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5:39 PM | ‘River Residency’ with University of Michigan -- Ann Arbor
Elementary students are getting hands-on river training thanks to the work of the University of Michigan in Ann Arbor and our portable Emriver models.UM’s “River Residency” water education workshops use our Emriver Em3 geomodel at a local school to teach river science with a focus on erosion, flooding and groundwater pollution. The photo below shows Alicia Comer, UM’s Museum of Natural History science outreach curriculum developer, teaching students about the […]
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5:24 PM | Philae: "Hey Folks, I Got You a Comet"
At some point, I'll copy over some tweets and retweets from the past couple of hours, but for the time being, science people on Twitter are being like this. And I'm one of them. I'm not sure that anything else will be happening today. Thanks, ESA!
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5:24 PM | The United States of America Non States in 6 Minutes Plus
A quick tutorial on the non states of the United States from CPG Grey.
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4:42 PM | Remote-control robots reveal why the Antarctic ice sheet is melting
This article was originally posted on The Carbon Brief on Nov 10, 2014 by Robert McSweeney At current rates, ice sheet loss will become the most significant  contributor to global sea level rise during this century, yet there is still a lot that scientists  don't know about the underlying causes. This is partly because Antarctica is such a difficult place to take measurements. But now robotic underwater gliders are giving scientists new insight […]
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4:21 PM | PHILAE HAS LANDED!
The landing happened on time just after 16:02 UT today! Philae mission manager Stephan Ulamec said: "Philae is talking to us! The first thing he told us was the harpoons have been fired and rewound. We are sitting on the surface." I will update this post later with more information, when I get it.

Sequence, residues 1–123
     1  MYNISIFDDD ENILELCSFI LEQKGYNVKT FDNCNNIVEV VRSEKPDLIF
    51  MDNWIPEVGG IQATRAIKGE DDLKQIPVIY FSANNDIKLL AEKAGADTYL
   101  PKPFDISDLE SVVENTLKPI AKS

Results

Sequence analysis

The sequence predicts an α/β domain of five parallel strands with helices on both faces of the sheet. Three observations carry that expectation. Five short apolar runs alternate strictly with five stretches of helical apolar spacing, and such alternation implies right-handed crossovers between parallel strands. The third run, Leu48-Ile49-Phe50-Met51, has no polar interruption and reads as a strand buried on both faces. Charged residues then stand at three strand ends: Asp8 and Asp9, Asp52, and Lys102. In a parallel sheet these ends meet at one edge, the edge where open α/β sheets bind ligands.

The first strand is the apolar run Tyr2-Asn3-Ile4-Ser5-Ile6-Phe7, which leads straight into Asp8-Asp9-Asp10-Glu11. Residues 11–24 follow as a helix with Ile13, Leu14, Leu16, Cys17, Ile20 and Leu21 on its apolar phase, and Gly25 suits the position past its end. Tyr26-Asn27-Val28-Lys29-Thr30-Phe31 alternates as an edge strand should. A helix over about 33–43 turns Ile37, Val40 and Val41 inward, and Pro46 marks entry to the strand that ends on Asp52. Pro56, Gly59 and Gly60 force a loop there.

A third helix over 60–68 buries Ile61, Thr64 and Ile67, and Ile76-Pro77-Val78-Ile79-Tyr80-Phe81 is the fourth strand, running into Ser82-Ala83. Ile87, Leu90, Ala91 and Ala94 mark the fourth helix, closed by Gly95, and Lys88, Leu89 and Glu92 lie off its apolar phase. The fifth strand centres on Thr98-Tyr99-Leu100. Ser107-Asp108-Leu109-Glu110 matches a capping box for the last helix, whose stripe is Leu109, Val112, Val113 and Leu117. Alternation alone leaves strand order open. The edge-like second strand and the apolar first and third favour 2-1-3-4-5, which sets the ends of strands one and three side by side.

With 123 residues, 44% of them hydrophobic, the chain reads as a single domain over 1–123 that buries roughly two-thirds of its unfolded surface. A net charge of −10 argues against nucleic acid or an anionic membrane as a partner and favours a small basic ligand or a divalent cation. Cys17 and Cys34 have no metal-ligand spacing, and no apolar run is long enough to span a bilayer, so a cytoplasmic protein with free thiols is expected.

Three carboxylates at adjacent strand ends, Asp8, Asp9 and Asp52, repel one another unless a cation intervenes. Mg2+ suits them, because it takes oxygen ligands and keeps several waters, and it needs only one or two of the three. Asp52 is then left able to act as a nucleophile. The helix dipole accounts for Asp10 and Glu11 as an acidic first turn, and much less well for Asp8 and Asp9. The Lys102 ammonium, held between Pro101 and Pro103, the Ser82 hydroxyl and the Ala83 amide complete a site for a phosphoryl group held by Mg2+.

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2:48 PM | New GigaPans from Team M.A.G.I.C. – hours of fun exploration
It’s been a long time since I’ve shared some of the work of our GigaPan making team. Here are some of the highlights from the last five months of work… In the images below, see if you can find (a) ten thousand fusilinid forams excavated by Texas ants, (b) Devonian trace fossils in black shale, (c) resistant beds of graywacke in a vertical orientation, (d) gastropod-rich limestone sandwiched between redbeds, …
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2:22 PM | Philae update: Photo documentation of Philae's separation!
Here it is. We knew hours ago that Philae separation happened, but there's nothing like seeing a photo, seeing Philae's mothership receding into the distance.
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1:50 PM | US and China Announce 'Historic' Climate Accord
The two countries have long been at loggerheads over global targets.